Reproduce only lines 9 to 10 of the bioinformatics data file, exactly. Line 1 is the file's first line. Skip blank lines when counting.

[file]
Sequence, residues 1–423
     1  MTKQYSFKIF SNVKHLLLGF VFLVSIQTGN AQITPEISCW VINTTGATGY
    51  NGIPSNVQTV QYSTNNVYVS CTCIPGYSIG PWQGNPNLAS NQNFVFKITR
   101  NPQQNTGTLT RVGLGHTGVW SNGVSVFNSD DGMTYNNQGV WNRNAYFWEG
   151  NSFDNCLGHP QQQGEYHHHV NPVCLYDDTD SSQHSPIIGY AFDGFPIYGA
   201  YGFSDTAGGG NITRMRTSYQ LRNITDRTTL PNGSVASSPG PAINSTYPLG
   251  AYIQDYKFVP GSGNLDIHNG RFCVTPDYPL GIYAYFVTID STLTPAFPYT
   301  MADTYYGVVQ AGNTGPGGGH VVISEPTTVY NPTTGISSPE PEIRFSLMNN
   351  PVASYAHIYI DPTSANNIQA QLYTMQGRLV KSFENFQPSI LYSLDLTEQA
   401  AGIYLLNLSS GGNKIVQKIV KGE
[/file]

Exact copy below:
   351  PVASYAHIYI DPTSANNIQA QLYTMQGRLV KSFENFQPSI LYSLDLTEQA
   401  AGIYLLNLSS GGNKIVQKIV KGE